5.3: Tidyverse in Action

To see the tidyverse in action, let’s clean up the NHANES dataset. Each individual in the NHANES dataset has a unique identifier stored in the variable ID. First let’s look at the number of rows in the dataset:

nrow(NHANES)
## [1] 6779

Now let’s see how many unique IDs there are. The unique() function returns a vector containing all of the unique values for a particular variable, and the length() function returns the length of the resulting vector.

length(unique(NHANES\$ID))
## [1] 6779

This shows us that while there are 10,000 observations in the data frame, there are only 6779 unique IDs. This means that if we were to use the entire dataset, we would be reusing data from some individuals, which could give us incorrect results. For this reason, we wold like to discard any observations that are duplicated.

Let’s create a new variable called NHANES_unique that will contain only the distinct observations, with no individuals appearing more than once. The dplyr library provides a function called distinct() that will do this for us. You may notice that we didn’t explicitly load the dplyr library above; however, if you look at the messages that appeared when we loaded the tidyverse library, you will see that it loaded dplyr for us. To create the new data frame with unique observations, we will pipe the NHANES data frame into the distinct() function and then save the output to our new variable.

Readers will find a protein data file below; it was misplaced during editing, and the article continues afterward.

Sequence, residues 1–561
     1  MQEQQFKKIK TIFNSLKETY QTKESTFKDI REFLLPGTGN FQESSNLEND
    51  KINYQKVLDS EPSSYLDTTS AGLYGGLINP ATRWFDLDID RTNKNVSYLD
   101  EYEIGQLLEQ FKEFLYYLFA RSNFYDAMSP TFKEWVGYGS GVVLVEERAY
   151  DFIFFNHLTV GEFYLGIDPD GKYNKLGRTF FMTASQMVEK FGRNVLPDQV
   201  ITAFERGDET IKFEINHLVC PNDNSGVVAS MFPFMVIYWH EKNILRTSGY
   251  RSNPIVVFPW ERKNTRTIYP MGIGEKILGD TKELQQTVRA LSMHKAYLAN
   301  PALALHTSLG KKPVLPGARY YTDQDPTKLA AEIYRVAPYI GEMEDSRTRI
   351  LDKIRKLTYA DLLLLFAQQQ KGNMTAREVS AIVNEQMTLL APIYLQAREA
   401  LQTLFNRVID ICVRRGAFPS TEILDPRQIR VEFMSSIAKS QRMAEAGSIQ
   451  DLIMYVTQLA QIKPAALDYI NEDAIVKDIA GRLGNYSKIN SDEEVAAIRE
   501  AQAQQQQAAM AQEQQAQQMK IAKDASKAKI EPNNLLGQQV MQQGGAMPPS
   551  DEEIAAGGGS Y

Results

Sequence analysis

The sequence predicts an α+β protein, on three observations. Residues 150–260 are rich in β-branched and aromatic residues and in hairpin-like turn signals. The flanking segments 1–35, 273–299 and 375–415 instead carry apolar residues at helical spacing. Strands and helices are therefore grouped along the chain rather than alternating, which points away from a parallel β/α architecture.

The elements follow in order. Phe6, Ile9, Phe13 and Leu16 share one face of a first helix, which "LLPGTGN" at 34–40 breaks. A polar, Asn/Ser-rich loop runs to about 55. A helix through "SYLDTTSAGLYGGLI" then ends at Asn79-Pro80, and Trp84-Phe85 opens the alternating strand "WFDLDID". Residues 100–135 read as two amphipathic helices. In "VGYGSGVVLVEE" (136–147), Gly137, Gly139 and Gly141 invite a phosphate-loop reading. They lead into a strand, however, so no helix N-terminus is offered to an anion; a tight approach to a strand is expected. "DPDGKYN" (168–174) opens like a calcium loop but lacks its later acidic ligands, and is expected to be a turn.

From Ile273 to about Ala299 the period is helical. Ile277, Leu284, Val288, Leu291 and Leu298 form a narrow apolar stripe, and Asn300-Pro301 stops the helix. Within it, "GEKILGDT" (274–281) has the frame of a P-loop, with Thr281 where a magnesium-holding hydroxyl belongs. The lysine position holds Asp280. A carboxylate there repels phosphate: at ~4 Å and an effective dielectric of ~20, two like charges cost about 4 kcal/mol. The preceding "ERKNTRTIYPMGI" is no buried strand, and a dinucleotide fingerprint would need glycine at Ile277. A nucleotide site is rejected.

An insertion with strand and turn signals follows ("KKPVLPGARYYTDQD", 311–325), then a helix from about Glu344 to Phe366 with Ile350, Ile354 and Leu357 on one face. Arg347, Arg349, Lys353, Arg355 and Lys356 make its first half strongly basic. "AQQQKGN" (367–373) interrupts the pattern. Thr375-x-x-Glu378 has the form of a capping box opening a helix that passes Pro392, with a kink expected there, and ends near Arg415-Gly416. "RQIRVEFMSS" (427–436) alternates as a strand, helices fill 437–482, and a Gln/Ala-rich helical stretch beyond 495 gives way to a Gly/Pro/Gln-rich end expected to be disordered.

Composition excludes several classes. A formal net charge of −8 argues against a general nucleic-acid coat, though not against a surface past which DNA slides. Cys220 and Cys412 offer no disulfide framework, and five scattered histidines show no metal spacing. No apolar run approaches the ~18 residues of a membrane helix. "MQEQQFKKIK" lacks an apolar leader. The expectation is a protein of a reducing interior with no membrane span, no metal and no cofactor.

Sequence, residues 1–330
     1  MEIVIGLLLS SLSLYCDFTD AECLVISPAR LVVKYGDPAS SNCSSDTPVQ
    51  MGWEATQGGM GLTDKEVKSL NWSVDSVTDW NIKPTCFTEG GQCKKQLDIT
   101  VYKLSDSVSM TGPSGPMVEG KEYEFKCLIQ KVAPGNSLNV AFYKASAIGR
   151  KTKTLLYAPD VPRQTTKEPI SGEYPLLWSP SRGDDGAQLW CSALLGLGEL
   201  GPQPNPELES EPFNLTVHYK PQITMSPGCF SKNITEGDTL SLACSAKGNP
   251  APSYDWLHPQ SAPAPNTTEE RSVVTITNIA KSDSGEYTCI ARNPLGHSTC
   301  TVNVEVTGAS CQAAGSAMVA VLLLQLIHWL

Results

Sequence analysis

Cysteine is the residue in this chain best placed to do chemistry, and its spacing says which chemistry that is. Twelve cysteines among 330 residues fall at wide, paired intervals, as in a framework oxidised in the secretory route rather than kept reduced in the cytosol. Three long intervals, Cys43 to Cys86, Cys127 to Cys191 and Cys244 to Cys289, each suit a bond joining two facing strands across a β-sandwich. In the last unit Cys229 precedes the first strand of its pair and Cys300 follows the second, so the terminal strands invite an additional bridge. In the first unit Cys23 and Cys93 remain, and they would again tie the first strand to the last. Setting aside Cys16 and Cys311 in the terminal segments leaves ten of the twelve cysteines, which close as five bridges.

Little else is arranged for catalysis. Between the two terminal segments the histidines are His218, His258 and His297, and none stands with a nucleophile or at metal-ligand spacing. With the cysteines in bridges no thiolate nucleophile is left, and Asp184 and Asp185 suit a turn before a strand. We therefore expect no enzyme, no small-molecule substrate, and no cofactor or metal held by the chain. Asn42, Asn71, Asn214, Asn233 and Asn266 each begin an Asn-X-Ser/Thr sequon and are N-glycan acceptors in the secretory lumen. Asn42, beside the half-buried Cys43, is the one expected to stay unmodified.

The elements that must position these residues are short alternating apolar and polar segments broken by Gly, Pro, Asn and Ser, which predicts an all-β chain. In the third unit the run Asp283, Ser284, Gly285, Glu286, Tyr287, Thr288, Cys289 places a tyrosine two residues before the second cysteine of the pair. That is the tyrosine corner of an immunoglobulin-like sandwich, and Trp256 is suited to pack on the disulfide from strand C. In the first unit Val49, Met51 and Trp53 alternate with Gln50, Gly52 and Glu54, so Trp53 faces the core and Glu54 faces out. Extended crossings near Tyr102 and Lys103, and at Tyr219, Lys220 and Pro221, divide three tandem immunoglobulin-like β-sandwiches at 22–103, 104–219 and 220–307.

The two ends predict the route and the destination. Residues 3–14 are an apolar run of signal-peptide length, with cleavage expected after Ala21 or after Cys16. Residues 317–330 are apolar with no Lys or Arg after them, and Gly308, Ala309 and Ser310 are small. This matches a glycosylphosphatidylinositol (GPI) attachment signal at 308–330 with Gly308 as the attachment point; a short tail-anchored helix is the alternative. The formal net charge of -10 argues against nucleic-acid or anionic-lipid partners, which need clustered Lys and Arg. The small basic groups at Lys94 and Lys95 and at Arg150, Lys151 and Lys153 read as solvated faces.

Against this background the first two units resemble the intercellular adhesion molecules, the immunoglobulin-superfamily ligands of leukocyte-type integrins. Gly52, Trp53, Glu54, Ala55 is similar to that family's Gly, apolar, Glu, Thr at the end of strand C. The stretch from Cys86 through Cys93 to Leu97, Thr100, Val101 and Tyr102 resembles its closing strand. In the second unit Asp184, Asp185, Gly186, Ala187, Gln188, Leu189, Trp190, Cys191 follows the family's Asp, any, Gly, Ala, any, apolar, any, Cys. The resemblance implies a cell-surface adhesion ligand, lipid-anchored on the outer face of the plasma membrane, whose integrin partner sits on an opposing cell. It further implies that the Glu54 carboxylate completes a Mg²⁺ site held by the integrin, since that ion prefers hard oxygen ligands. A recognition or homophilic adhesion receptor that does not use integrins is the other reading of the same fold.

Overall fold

NHANES_unique <-
NHANES %>%
distinct(ID, .keep_all = TRUE)

If we number of rows in the new data frame, it should be the same as the number of unique IDs (6779):

nrow(NHANES_unique)
## [1] 6779

In the next example you will see the power of pipes come to life, when we start tying together multiple functions into a single operation (or “pipeline”).